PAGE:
Tuberous Begonias are grown from bulb-like roots known as tubers. These potato-like modified roots can be treated as Dahlia or Canna and planted in the garden each spring and lifted each fall where temperatures can become too cold in the winter for them to survive. Typically with round or heart-shaped foliage, there are many foliage colors and flower colors to choose from including many different flower forms!

Growing best in filtered sun or partial shade, protect your Tuberous Begonia from harsh sun in the afternoons throughout USDA zones 8 and up. In colder climates, you can plant the tubers in pots and bring them indoors for the winter.

Plant the tubers in the late spring after the last frost date, or give them a head start by potting them up and growing them indoors about 4-6 weeks before the last frost. Tuberous Begonia does not like soggy springs or cold soil. Dig a shallow hole or trench, plant your tuber with about an inch of soil over the top, and water them in well. Top off with a layer of compost or mulch to hold in moisture more consistently. Refrain from watering much more until you see new sprouts forming a few weeks later.

4. Rex Begonia

Painted, Fancy-Leaf, and Rex Begonias (Begonia rex-cultorum) have some of the fanciest foliage around! Vividly colored, textured, patterned, and often with fringed, toothy edges, these foliage plants are wonderful houseplants and container thrillers due to their gorgeous leaves! The smaller, almost insignificant flowers of this variety are just delightful container accents.

begonia

Rex Begonias need consistent warm humid conditions around 70°F and are semi-tropical. Preferring bright indirect light and consistent moisture, any light, well-drained soil supports the fibrous roots and knobby rhizomes of these plants. Their rhizomatous roots are fleshy and grow just below the soil surface.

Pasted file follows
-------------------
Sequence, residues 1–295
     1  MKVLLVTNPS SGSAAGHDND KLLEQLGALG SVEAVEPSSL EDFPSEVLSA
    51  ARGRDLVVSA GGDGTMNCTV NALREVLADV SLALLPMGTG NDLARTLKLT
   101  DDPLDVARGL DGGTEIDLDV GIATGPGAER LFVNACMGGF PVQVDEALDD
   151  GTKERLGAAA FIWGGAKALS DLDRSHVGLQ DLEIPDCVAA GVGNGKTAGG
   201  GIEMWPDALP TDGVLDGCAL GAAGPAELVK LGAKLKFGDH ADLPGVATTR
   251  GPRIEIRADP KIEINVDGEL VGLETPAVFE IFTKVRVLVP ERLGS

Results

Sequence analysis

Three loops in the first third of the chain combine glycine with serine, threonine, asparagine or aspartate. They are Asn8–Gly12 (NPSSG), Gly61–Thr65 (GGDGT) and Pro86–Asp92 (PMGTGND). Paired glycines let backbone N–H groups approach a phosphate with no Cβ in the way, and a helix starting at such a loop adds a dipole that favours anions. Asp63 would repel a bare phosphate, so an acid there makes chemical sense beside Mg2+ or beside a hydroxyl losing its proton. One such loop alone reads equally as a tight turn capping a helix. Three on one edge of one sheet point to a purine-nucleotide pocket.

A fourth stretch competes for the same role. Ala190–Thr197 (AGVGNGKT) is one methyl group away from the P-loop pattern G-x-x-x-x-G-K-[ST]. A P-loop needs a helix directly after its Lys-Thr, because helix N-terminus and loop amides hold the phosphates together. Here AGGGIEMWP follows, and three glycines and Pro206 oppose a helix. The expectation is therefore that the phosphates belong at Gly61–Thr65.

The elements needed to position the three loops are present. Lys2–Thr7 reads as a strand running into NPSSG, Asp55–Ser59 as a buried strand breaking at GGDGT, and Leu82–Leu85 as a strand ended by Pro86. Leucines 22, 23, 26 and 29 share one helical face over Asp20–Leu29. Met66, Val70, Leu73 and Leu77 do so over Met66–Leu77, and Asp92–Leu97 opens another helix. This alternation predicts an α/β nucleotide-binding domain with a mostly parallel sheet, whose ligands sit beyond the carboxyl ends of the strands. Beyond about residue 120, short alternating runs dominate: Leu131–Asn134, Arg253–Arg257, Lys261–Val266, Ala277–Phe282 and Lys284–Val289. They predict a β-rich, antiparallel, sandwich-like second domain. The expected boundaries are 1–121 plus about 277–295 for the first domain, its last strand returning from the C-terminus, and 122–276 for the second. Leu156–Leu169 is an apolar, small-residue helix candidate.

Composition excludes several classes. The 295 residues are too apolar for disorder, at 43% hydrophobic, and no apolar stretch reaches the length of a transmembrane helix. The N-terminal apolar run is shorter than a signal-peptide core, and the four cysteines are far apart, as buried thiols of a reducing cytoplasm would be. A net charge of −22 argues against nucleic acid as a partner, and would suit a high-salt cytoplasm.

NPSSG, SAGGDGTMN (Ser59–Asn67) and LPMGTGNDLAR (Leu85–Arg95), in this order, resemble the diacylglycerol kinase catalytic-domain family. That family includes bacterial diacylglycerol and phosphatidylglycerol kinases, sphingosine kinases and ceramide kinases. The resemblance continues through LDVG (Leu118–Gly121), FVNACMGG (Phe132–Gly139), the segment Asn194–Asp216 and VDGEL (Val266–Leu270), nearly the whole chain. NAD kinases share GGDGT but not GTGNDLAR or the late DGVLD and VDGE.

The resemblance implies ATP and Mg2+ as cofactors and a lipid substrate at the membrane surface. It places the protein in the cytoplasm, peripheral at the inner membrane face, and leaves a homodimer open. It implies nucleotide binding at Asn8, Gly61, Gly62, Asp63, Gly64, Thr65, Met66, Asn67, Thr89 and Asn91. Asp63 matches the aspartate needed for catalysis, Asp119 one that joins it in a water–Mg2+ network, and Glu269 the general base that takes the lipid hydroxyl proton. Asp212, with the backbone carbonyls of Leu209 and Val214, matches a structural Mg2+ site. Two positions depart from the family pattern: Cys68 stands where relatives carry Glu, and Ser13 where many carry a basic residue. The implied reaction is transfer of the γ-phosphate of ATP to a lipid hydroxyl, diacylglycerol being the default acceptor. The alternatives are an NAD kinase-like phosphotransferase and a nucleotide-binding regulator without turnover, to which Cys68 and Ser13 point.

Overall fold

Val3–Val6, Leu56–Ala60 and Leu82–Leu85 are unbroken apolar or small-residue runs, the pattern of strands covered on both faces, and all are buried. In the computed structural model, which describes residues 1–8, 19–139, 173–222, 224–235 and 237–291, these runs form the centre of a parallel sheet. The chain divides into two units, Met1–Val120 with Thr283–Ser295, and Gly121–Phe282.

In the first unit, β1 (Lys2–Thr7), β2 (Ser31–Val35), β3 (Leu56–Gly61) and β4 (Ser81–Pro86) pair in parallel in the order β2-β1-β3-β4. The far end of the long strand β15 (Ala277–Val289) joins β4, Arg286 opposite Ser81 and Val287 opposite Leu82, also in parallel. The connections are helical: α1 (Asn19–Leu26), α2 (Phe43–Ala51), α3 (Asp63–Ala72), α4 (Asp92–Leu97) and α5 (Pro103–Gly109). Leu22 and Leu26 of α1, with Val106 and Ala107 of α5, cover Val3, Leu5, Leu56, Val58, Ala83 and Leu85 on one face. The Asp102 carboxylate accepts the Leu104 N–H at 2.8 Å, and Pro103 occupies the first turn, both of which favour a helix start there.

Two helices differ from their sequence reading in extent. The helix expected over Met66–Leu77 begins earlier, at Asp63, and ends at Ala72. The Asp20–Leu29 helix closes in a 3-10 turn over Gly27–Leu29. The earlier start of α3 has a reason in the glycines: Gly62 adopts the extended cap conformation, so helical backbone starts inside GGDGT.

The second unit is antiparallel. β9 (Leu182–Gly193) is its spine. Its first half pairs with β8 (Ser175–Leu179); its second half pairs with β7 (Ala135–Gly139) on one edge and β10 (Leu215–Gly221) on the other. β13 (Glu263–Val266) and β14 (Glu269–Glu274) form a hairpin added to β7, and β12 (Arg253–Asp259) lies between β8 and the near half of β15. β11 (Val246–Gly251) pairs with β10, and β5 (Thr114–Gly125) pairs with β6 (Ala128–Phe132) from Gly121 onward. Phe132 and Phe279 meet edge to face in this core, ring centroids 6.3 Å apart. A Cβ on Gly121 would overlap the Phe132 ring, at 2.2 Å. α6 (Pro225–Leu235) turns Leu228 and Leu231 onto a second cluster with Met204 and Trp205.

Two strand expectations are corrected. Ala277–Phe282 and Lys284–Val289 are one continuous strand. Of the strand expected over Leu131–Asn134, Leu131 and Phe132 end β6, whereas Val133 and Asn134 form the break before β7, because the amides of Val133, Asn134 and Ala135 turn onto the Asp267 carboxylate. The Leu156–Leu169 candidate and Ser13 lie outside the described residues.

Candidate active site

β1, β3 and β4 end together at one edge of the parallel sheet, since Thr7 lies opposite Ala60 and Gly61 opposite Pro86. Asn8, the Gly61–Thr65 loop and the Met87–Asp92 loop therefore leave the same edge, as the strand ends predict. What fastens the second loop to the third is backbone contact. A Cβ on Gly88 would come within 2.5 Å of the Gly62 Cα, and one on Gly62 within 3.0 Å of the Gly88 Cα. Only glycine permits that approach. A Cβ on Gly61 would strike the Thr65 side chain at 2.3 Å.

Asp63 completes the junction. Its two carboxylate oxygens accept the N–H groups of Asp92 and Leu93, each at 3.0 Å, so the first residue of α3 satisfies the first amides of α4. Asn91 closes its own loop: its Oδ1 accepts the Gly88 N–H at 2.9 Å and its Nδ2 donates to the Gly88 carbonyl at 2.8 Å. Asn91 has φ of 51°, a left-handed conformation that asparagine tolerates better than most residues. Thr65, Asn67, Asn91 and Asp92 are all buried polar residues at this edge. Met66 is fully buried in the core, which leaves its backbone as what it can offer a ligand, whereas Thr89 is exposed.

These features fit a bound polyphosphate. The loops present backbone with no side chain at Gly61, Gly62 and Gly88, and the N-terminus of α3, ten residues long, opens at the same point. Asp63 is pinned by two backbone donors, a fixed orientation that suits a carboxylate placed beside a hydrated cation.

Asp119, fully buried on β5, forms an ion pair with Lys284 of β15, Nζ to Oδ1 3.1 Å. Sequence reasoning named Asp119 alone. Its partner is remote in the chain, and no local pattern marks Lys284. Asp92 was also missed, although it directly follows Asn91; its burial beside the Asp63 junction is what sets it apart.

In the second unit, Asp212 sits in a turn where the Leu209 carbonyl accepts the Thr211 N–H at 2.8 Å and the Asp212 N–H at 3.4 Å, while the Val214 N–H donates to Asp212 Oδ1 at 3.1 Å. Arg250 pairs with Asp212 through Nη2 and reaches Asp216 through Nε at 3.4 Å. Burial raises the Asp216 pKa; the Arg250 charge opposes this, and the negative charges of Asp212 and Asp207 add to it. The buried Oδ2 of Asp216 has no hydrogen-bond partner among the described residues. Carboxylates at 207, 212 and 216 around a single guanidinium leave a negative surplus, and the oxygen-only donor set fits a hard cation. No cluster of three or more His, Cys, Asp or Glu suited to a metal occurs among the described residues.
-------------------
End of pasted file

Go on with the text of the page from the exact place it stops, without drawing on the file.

5. Hardy Begonia

Hardy down to USDA planting zone 6, these tuberous Begonia are common perennial accents throughout warm climate gardens and in containers everywhere. The small pink to white blossoms are free-flowering on dainty airy clusters and long slender stems. Typically backed by wing-shaped leaves with red veins and contrasting undersides. Some even have a maple-leaf shape with prominent pointed lobes.

Great in the shaded landscape bedding and border gardens, as well as container gardens and planters because of their ability to handle cooler temperatures. Plant and care for Hardy Begonia in a similar fashion to Tuberous Begonia.

6. Bolivian Begonia

Bolivian Begonia has showy flowers with longer petals and weeping trailing branching and drooping red to orange flower clusters. The darker foliage and stems and the glossy leaves are just the right amount of contrast for these hanging basket and container garden accents!

Caring For and Landscaping With Begonias

These gorgeous shade plants grow best in filtered, indirect, dappled sun and partial shade locations. They can handle brighter light indoors as long as it is not direct sun. Plant in any kind of light, enriched environment with higher to average moisture-holding content. Containers, window boxes, and planters with controlled environments where you can maintain their needs more easily.

Begonia container

If you have a deep landscaping bed full of organic matter and compost, they will do wonderfully as long as they are well-drained and protected. Then any shade and part shade garden bed can grow these pretty flowering accents!

Use upright Begonias as edging and container thrillers! These have sturdier stems and form rounded mounds that add pops of space-saving color along the fronts of garden borders.

Groundcover and cascading Begonias look fantastic also spilling over garden edges and are lovely spillers in containers and hanging baskets!

Beckoning Begonias at Nature Hills!

Featuring big fancy blooms and ornamental foliage, the Begonia has captivated gardeners for hundreds of years! Include these incredible plants in your garden as annual accents, perennial container plants, and landscape focal points!

Check out all the gorgeous Begonia plants available at Nature Hills today and you’ll find yourself hooked!

Happy Planting!